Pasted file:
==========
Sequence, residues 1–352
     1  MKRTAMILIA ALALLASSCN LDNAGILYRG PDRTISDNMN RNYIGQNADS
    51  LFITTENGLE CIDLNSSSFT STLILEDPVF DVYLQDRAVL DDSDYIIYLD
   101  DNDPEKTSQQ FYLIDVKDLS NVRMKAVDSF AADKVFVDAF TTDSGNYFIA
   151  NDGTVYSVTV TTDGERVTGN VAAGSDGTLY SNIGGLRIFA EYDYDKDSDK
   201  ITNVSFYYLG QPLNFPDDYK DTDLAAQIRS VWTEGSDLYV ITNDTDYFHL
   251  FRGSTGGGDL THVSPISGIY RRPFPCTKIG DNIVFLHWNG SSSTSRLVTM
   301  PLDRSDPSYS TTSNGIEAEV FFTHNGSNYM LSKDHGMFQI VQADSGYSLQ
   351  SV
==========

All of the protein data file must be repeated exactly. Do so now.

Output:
Sequence, residues 1–352
     1  MKRTAMILIA ALALLASSCN LDNAGILYRG PDRTISDNMN RNYIGQNADS
    51  LFITTENGLE CIDLNSSSFT STLILEDPVF DVYLQDRAVL DDSDYIIYLD
   101  DNDPEKTSQQ FYLIDVKDLS NVRMKAVDSF AADKVFVDAF TTDSGNYFIA
   151  NDGTVYSVTV TTDGERVTGN VAAGSDGTLY SNIGGLRIFA EYDYDKDSDK
   201  ITNVSFYYLG QPLNFPDDYK DTDLAAQIRS VWTEGSDLYV ITNDTDYFHL
   251  FRGSTGGGDL THVSPISGIY RRPFPCTKIG DNIVFLHWNG SSSTSRLVTM
   301  PLDRSDPSYS TTSNGIEAEV FFTHNGSNYM LSKDHGMFQI VQADSGYSLQ
   351  SV